DDNS is DNS service for dynamic IP

Dynamic DNS is a DNS service providing an actualization mechanism for frequently updating IP. Consist of 3 systems:
- DNS server that responds to requests for resolving domain names
- DDNS service providing an interface for update requests
- A client that monitors the host IP for changes and sends requests to the server when it changes

Why IP changes and you have to use DDNS

On the Internet, static IPs are most often used, but sometimes they are dynamic, as is common in local area networks (corporate and home). This happens on several cases:

  • When IP are assiged by DHCP server. In this case, the server specifies the lease time (TTL) of the address, for which this IP is assigned to the client. This is usually 2 weeks, but providers can change it by greatly lowering the period in order to increase the efficiency of using their pool of addresses.
  • When NAT is used and multiple addresses are specified on the router for translation. This behavior is typical for corporate networks. In home networks with a Wi-Fi router, NAT is always used, and threre is one white IP usually, and the IP change in this case is determined by DHCP.

DDNS standard protocol

The DNS address update protocol is standard and is described in RFC 2136. The DDNS update mechanism has not been described by the IETF, but is also de facto standardized. DynDNS (now known as DYN.COM, owned by Oracle) was the first DDNS service provider, so this protocol is called DynDNS2 and has the following format.

wget -O - http://{username}:{password}@dynupdate.alviy.com/nic/update?hostname={yourhostname}&myip={ipaddress}
where username and password this is the username and password in the DDNS system respectively, yourhostname hostname whose address is being updated and IP ipaddress.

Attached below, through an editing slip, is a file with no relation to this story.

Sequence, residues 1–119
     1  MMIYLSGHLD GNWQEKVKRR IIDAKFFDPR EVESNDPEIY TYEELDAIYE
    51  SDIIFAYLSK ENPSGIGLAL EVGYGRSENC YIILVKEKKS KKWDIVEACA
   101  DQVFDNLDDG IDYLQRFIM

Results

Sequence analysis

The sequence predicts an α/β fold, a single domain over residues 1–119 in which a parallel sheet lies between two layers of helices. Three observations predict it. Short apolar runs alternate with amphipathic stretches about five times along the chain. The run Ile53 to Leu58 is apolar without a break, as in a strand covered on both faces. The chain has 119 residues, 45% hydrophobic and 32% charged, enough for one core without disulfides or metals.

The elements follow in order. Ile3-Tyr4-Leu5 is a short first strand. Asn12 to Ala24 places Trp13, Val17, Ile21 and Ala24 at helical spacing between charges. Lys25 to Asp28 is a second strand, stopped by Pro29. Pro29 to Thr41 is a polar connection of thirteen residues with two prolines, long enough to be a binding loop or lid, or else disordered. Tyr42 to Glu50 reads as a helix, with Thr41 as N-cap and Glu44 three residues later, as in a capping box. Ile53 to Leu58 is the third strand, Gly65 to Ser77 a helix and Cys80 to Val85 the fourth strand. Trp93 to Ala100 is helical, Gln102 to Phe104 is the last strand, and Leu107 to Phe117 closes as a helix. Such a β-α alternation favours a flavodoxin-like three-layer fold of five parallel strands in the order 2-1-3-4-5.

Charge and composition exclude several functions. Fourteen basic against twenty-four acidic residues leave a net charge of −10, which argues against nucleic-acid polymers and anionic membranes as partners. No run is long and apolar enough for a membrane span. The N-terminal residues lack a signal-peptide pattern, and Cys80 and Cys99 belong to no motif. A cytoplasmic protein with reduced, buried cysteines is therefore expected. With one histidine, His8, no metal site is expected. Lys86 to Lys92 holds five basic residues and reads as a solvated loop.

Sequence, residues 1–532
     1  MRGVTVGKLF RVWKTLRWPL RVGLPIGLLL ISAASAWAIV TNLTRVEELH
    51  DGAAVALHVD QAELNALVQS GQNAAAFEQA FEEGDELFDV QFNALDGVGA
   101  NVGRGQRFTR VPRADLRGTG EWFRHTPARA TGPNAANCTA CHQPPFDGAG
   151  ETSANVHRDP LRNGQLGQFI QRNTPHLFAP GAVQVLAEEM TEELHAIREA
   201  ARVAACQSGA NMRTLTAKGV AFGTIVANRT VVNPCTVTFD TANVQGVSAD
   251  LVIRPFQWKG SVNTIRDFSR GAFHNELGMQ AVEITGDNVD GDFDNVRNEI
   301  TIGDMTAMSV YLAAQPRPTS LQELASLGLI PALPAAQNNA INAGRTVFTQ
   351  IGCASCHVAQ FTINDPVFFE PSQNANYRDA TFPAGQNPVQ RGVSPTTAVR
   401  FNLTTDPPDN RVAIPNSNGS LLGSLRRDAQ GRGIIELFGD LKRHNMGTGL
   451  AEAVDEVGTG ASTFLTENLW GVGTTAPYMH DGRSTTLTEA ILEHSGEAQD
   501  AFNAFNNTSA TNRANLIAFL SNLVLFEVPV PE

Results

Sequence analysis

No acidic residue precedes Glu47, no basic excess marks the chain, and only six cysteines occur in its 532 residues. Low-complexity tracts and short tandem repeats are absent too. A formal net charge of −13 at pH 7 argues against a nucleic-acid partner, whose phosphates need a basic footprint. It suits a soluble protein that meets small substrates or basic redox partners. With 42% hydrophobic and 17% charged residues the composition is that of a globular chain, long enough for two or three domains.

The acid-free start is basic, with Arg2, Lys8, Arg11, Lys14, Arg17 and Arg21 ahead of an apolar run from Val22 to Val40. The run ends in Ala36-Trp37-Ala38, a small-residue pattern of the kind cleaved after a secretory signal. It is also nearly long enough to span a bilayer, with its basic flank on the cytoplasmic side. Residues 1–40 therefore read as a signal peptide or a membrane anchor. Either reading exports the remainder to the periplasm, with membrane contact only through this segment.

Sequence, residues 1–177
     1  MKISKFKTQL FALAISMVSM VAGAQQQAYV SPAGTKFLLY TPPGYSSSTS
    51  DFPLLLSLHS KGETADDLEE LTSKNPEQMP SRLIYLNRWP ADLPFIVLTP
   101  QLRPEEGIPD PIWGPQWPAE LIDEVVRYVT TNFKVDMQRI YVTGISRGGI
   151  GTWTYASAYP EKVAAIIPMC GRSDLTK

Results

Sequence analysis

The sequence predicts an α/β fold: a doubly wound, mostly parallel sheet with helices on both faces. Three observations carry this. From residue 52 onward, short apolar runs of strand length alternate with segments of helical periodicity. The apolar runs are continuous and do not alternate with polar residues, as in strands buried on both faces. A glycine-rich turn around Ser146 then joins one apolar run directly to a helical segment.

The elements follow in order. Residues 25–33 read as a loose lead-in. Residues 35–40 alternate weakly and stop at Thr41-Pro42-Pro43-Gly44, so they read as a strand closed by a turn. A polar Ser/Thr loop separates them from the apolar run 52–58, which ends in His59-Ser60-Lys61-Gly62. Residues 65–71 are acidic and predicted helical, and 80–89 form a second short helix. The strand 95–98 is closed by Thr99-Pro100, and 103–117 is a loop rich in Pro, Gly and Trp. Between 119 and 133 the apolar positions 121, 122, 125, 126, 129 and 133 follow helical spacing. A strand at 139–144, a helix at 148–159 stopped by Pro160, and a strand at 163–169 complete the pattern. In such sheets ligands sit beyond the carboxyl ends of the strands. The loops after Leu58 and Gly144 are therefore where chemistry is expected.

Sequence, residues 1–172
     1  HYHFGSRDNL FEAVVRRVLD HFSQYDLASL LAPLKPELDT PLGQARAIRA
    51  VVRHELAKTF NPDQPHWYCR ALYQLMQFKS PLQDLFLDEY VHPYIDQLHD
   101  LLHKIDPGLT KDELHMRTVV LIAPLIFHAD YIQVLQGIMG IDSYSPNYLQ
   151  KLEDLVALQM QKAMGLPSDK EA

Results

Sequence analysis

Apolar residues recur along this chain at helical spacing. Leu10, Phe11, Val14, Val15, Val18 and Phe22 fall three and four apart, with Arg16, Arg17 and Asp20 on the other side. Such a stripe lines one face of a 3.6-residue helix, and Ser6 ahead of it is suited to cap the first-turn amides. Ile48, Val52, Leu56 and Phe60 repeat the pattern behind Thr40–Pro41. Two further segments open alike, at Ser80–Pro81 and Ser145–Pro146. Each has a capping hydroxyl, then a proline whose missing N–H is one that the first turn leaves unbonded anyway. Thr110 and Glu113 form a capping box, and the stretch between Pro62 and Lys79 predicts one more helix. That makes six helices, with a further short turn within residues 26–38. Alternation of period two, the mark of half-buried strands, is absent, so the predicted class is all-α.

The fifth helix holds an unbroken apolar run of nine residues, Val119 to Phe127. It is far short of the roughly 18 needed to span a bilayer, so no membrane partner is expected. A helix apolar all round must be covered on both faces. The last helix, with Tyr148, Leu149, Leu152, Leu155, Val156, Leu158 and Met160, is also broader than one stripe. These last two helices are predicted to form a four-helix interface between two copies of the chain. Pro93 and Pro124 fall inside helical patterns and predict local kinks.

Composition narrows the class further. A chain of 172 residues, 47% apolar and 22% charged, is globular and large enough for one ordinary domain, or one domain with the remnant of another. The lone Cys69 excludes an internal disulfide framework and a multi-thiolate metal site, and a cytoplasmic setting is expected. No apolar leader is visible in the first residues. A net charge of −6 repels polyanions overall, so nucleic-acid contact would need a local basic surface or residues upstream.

It is worth noting that the DynDNS2 format is no longer supported by most browsers, as it is considered insecure due to passing credentials in clear text. As a result, a request comes to the server without username and password, which leads to authorization errors noauth. So it's better to use console utilities.

White and gray IP addresses in DDNS

You can often hear the terms "white" IP or "gray". Let's find out what is it and does dynamic DNS work with them. Internet access is provided by providers, they give IP addresses to users, which allows you to connect to the global web. As you know, IPv4 addresses are over. In order for an ISP to receive new IPs from IANA (the international organization that manages the distribution of subnets), they must make a request and get in multi-month line to receive released by somebody IP addresses. Moreover, each IP maintenance costs money and providers annually pay rent to IANA. In this regard, is often a situation when the provider has fewer available addresses than the clients, which leads to the need to dynamically manage them via DHCP, or use NAT.

When such an IP is assigned to a client, they say that he is "white", i.e. unique on the Internet and registered with IANA. In this case, there are no restrictions on networking.

When is NAT used, i.e. under one white IP access is organized for several clients, then they say that the IP is "gray". This means that the user has a local (private) address that works only in this local network:

  • — (
  • — (
  • — (
  • — (
Already on the provider's side, the router organizes a routing table, allowing you to broadcast the traffic of such clients to "white" addresses, this mechanism is completely hidden from the user, and there is no way to interfere with it. When using "gray" addressing, websites browsing is not limited in any way, but services that require incoming connections cannot function.

When they talk about a home router and its white IP, then the same NAT process takes place on it, but the user can drop ports and control the IP translation process in every possible way.